WASHINGTON — D.C. Mayor Muriel Bowser asked President Donald Trump on Thursday to remove all extraordinary federal law enforcement and military from the city, specifically highlighting the unmarked federal officers who had been present since Wednesday.
In a letter to the president, Bowser said the District’s curfew and state of emergency related to demonstrations had expired. She noted that DC Police did not make a single protest-related arrest Wednesday night.
District residents and media began to notice unmarked federal law enforcement officers manning perimeters near the White House early Wednesday morning. These officers, who were equipped with riot control gear, but no nameplates or other identifying marks, refused to say what agency they were with.
In response to questions from WUSA9, CBS News and others, the Bureau of Prisons eventually acknowledged that these officers were BOP crisis management teams.
In her letter, Bowser asked that these unmarked officers be removed from D.C. streets.
“I continue to be concerned that unidentified federal personnel patrolling the streets of Washington, DC, post both safety and national security risks,” Bowser wrote. “The deployment of federal law enforcement personnel and equipment are inflaming demonstrators and adding to the grievances of those who, by and large, are peacefully protesting for change and for reforms to the racist and broken systems that are killing black Americans.”
Bowser noted that these unmarked officers have been operating “outside of established chains of command,” and that their presence in the city could cause “dangerous confusion.” The mayor also noted that identifying insignia is mandatory for D.C. police officers.
In response to a tweet from Utah Sen. Mike Lee (R) claiming she was "kicking the Utah National Guard out of all D.C. hotels," Bowser also said Friday the District won’t pay the hotel bills for the National Guard troops who have been stationed in the city.
But, she said, D.C. wasn't kicking the Guard units out of any hotels.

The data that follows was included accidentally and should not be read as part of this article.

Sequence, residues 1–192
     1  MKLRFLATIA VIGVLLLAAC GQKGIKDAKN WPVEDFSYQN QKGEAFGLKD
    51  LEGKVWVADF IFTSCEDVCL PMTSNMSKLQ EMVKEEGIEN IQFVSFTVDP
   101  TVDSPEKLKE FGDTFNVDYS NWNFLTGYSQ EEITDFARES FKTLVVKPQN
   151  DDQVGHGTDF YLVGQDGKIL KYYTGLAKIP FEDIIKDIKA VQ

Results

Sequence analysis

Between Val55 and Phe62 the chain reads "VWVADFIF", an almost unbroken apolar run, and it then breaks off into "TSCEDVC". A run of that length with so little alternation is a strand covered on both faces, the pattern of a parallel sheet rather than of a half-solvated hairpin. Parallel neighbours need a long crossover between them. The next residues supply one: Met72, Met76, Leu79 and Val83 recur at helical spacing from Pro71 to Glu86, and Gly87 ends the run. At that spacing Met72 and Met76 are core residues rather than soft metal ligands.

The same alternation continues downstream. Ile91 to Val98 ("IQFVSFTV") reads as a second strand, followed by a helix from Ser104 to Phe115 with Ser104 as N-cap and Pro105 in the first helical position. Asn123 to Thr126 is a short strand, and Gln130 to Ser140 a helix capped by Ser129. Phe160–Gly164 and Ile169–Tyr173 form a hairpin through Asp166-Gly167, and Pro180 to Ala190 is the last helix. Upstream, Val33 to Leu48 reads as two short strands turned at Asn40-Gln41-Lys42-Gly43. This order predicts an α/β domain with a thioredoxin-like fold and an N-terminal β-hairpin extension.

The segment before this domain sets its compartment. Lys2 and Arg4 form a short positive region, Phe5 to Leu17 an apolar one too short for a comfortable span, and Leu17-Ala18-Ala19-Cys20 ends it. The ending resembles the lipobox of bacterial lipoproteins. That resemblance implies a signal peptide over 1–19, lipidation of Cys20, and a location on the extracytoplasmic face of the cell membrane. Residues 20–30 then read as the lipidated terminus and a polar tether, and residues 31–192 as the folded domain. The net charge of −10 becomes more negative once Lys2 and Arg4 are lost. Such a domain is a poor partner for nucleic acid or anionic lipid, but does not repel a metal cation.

“At no time did we intend, or would we be able to effect, evicting any guardsmen from a hotel. We do, however, have an agreement with one of our hotels for our COVID response, for which the District has paid and has a contractual arrangement," Bowser said. "So our deal with the hotel was, if they’re going to use the rooms we’ve reserved, then you have to refund us our money. That, we understood, would just be a matter of the Guard, or the Army, making those arrangements."
Bowser said D.C. works with federal partners and National Guard units from other states on major issues all the time, but that this situation was different, because their presence was ordered by the president and didn't come at the District's request.
In response to her letter, President Donald Trump tweeted Friday that Bowser was "incompetent," and threatened to send even more unspecified federal troops to the city.
Bowser, asked Friday about the president calling her incompetent, offered a short response: "You know the thing about the pot and the kettle?"
Unrelated to Bowser’s letter, there had already been confusion about whether active-duty troops stationed outside of the District were beginning to leave the area or not. Some 1,300 Army personnel had been moved to military bases just outside the city in case the president decided to invoke the Insurrection Act, but following the calm Wednesday night in D.C., Department of Defense officials had said they were preparing to leave.
After a meeting with Trump – who was reportedly unhappy with his opposition to invoking the Insurrection Act – Secretary of Defense Mark Esper overruled that decision, though, and kept the troops in the area on standby. It was not immediately clear Friday whether that situation had changed.
Jordan Fischer is an investigative reporter with WUSA9. Follow him on Twitter @JordanOnRecord.